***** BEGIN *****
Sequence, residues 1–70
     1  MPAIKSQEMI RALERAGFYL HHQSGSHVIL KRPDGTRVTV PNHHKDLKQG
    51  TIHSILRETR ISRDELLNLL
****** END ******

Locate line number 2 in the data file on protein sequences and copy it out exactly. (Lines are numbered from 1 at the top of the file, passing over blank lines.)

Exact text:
     1  MPAIKSQEMI RALERAGFYL HHQSGSHVIL KRPDGTRVTV PNHHKDLKQG